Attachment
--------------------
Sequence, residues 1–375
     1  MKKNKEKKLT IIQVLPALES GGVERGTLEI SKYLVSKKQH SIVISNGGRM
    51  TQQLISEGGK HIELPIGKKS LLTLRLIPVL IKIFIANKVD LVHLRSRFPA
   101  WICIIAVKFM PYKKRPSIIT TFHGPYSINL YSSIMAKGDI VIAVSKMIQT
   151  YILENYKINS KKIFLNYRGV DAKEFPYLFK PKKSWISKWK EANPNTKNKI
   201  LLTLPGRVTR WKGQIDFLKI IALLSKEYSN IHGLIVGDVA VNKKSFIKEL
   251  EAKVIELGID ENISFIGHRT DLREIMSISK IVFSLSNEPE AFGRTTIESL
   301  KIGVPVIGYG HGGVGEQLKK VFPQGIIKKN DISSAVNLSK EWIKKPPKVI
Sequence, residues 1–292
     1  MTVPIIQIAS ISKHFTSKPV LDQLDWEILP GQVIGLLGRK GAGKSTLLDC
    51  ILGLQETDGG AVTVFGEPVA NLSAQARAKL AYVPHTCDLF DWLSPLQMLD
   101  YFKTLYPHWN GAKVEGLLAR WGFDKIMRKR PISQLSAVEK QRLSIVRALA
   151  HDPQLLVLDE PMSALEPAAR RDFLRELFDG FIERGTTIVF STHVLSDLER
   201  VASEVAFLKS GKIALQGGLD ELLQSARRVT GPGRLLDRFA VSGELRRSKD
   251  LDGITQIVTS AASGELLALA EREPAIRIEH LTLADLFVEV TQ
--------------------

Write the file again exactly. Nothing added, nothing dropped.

Sequence, residues 1–375
     1  MKKNKEKKLT IIQVLPALES GGVERGTLEI SKYLVSKKQH SIVISNGGRM
    51  TQQLISEGGK HIELPIGKKS LLTLRLIPVL IKIFIANKVD LVHLRSRFPA
   101  WICIIAVKFM PYKKRPSIIT TFHGPYSINL YSSIMAKGDI VIAVSKMIQT
   151  YILENYKINS KKIFLNYRGV DAKEFPYLFK PKKSWISKWK EANPNTKNKI
   201  LLTLPGRVTR WKGQIDFLKI IALLSKEYSN IHGLIVGDVA VNKKSFIKEL
   251  EAKVIELGID ENISFIGHRT DLREIMSISK IVFSLSNEPE AFGRTTIESL
   301  KIGVPVIGYG HGGVGEQLKK VFPQGIIKKN DISSAVNLSK EWIKKPPKVI
Sequence, residues 1–292
     1  MTVPIIQIAS ISKHFTSKPV LDQLDWEILP GQVIGLLGRK GAGKSTLLDC
    51  ILGLQETDGG AVTVFGEPVA NLSAQARAKL AYVPHTCDLF DWLSPLQMLD
   101  YFKTLYPHWN GAKVEGLLAR WGFDKIMRKR PISQLSAVEK QRLSIVRALA
   151  HDPQLLVLDE PMSALEPAAR RDFLRELFDG FIERGTTIVF STHVLSDLER
   201  VASEVAFLKS GKIALQGGLD ELLQSARRVT GPGRLLDRFA VSGELRRSKD
   251  LDGITQIVTS AASGELLALA EREPAIRIEH LTLADLFVEV TQ